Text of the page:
illiniranger on January 02 @ 08:49 AM CST

I’m not Craig, but here goes.

Cover 2 means the CBs are in the flat, 3x LBs in three middle zones and 2 safeties taking 1/2 the field each. The open spots in the zone are the seam behind the LB and between the safeties and the “honey hole” which is the open area behind the corners and in front of the safeties. Teams attack the middle with digs, posts, and slant routes. They’ll attack the honey hole with out routes and corner routes.

You’ll hear ppl discuss “Tampa 2” which is an adjustment where the MLB drops deep between the two safeties to try and take that open seam away. Takes a special player to effectively cover that, someone like Derrick Brooks or Urlacher.

There’s nothing inherently wrong with Cover 2. It works on a chalkboard. But you have to be able to execute it. It is in my opinion a better defense to deploy against pro style offenses that utilize more TEs and passes to the HBs. It is not ideal for defending 3 and 4 WR spread offenses. I think a “match quarters” scheme is a better zone defense base alignment. But every team jumps between their base zone and man to man, usually depending on alignment, matchups, and down and distance.

If you watch Lovie here at IL we do a pretty good job defending pro style teams out of our Cover 2. Iowa, WI, MSU, have all seen good performances by the D over the years - Lovie is even 2-0 vs MSU. But we really struggle against the more progressive spread teams.

I think there are some scheme deficiencies, but mostly I think are issues are execution. We’re in the wrong place at the wrong time too frequently. That’s coaching too, but I wouldn’t call it scheme. We also struggle to get pressure. Our blitzing is usually very formulaic, and our front 4 are more “mauler” types vs guys that can get to the QB. The last one is a talent issue, but a lot of B1G teams struggle with that.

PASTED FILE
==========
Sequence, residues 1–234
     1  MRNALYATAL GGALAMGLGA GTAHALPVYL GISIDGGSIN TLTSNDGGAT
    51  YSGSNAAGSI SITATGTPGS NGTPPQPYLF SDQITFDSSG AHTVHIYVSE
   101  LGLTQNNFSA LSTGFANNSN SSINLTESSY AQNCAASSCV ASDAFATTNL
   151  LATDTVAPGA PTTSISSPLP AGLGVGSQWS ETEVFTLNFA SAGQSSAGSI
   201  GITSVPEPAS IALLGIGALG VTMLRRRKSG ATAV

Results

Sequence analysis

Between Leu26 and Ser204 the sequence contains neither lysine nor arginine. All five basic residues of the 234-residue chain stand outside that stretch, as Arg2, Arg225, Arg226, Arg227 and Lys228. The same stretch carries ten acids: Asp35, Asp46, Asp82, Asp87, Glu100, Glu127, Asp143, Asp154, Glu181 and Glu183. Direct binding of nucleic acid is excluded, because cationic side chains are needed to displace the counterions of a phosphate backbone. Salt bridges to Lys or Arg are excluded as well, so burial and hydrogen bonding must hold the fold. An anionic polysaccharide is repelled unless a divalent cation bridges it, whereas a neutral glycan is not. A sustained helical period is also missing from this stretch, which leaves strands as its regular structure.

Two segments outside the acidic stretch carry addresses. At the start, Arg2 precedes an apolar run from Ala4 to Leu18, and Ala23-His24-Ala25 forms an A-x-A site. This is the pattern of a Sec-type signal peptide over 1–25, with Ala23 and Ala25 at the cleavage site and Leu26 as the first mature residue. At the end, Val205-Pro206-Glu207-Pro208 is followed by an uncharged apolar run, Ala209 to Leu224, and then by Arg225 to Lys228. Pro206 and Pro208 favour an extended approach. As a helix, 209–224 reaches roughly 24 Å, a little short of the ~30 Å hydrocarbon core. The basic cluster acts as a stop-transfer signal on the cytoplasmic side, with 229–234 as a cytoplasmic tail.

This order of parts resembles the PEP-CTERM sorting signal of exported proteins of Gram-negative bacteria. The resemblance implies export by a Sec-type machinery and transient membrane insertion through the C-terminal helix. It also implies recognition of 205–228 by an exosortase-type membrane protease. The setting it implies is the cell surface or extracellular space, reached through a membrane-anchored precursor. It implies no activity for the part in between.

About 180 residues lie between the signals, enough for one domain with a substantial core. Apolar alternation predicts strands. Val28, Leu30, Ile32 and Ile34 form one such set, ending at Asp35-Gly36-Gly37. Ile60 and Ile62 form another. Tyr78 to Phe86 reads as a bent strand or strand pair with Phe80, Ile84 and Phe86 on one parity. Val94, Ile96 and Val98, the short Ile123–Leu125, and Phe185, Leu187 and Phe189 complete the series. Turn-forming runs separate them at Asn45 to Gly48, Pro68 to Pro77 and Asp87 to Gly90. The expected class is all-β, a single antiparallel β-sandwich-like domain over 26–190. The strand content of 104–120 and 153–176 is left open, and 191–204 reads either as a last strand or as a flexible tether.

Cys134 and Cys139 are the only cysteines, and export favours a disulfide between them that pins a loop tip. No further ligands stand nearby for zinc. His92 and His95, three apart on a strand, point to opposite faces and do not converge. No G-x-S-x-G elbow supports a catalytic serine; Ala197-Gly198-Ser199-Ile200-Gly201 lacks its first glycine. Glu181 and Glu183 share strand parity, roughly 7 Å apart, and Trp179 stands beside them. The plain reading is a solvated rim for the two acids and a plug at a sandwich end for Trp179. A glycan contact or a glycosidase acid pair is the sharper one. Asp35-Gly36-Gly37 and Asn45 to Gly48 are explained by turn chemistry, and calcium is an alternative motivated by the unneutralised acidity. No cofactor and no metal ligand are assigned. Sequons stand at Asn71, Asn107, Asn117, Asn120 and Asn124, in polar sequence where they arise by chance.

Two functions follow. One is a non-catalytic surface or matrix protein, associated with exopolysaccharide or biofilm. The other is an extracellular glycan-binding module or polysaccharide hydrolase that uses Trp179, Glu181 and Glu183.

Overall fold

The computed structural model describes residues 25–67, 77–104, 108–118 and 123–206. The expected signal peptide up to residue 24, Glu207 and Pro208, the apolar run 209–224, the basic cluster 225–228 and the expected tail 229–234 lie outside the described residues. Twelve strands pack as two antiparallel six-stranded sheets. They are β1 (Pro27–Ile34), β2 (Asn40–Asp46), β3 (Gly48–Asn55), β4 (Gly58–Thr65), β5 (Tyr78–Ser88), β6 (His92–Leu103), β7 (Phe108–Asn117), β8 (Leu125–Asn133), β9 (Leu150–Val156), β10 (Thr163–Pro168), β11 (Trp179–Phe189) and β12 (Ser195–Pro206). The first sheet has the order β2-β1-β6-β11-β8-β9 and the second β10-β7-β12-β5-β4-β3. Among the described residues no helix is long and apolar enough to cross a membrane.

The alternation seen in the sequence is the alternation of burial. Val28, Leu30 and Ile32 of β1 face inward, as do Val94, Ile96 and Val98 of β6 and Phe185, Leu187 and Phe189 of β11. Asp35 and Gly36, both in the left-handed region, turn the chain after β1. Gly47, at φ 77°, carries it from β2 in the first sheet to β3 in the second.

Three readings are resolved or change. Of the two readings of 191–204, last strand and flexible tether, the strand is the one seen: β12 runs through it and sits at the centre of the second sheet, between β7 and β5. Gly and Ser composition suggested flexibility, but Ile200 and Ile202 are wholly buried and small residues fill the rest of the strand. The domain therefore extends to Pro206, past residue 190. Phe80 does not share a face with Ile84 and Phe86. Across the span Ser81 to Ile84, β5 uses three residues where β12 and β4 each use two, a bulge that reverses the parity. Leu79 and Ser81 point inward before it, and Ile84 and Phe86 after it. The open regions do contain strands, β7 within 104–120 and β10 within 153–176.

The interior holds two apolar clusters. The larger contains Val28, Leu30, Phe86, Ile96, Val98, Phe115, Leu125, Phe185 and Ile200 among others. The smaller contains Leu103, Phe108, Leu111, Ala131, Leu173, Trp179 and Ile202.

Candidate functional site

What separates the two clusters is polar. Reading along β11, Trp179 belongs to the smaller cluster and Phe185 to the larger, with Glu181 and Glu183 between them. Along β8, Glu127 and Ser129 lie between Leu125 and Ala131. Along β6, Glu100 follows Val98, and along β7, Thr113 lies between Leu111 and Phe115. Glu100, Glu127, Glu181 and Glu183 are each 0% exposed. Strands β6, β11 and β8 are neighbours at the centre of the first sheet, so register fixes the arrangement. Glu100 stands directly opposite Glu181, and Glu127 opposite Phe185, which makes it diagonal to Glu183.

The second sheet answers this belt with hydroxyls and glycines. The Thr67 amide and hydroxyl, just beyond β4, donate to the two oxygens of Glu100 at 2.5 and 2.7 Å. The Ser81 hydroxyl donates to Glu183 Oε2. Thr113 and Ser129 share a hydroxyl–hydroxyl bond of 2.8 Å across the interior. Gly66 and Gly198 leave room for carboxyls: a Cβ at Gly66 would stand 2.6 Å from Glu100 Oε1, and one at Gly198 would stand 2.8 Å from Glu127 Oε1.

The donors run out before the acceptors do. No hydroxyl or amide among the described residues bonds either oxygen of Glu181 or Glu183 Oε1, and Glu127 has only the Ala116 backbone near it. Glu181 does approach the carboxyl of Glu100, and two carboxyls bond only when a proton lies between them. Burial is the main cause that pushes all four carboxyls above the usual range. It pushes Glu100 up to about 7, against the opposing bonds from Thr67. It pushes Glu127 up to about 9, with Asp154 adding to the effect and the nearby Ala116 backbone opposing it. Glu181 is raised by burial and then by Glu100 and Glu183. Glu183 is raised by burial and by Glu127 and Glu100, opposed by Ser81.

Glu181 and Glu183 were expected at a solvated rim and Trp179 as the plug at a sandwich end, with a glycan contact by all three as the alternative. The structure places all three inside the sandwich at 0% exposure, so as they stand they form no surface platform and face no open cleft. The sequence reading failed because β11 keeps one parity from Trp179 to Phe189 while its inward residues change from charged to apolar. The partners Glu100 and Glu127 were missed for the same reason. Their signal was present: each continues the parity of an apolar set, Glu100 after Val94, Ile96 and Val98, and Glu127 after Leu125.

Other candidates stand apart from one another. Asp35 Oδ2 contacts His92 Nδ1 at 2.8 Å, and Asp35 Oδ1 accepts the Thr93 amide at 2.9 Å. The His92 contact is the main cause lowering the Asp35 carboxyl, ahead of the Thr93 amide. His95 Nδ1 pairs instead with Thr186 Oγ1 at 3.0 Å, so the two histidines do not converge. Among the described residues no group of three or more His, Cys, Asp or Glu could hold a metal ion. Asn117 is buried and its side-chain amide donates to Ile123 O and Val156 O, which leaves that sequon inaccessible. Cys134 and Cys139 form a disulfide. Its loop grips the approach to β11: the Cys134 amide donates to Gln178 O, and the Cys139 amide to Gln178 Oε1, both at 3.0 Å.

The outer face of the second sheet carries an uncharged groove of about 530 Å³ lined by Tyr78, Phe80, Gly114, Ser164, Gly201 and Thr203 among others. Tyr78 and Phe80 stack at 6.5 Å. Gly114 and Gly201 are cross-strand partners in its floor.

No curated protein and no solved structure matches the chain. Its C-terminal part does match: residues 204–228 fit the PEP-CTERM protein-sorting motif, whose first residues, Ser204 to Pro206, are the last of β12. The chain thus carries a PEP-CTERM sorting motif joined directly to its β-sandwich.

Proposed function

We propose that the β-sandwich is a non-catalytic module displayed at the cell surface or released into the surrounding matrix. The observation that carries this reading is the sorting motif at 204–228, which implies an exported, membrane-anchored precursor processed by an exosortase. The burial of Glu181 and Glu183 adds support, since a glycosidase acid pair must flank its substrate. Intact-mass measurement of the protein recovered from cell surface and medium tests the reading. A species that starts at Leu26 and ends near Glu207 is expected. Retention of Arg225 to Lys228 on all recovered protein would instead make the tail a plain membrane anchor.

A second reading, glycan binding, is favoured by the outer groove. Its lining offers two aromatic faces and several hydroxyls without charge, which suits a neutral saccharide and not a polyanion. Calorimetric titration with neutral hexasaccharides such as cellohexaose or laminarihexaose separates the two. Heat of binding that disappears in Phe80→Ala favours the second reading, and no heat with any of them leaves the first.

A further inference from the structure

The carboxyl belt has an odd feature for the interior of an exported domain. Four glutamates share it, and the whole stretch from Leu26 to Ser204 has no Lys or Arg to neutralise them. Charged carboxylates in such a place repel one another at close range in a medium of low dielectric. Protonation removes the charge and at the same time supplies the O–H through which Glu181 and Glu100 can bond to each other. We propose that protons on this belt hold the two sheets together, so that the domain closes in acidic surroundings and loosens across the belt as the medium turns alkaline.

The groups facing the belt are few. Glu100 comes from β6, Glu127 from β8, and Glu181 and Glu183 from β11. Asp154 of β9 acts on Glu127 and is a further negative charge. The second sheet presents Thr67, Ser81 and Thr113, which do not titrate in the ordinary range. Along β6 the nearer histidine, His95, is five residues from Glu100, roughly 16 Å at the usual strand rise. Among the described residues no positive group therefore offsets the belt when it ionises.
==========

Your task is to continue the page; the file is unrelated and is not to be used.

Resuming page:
Groundhogday on January 02 @ 11:57 AM CST

Ditto on pressure. Getting pressure on the QB can make up for all kinds of deficiencies and mistakes. Ditto for penetration on run plays that can get a team into 3rd-and-long situations. If you don't have NFL caliber rushers, then you need to scheme and mix things up to get that disruptive D pressure up front. We haven't gotten nearly enough pressure from our front four.

CraigG on January 03 @ 08:33 AM CST

I don't do anything not too technical. Ranger did a nice job describing it, but I'll since it is a free month, I might just throw out 3,000 words on the 4-3 just because.

John Case on January 02 @ 01:15 PM CST

my biggest concern with illinois defense has nothing to do with scheme. the dline cant get off blocks. betiku did early in season. austin clark needs to reassess how he is developing these d linemen.

1970 John on January 03 @ 04:58 AM CST

I’m curious about the overall effect of the refs calling the fumble a forward pass. Did Oregon score on that drive? At least for that, then, Oregon would have had 28 instead of 35 points.

If Illinois got the ball inside the 20, might they have scored? They’ve had a pretty good track record of scoring off turnovers and we’re finally moving the ball. If they did, with a PAT, the score is 28-27. Unless Illinois makes a two point conversion. In OT, if the defense can hold, McCourt gets to be a hero again.

Would it happen? Probably not. Too much has to go our way. On the other hand, the game was NOT unwinnable. A comeback was wholly within the realm of possibility.

CraigG on January 03 @ 08:30 AM CST

The game was absolutely winnable. The thing that was glaring to me though was the speed with which adjustments were made. Illinois just seemed to be a step behind compared to Cal.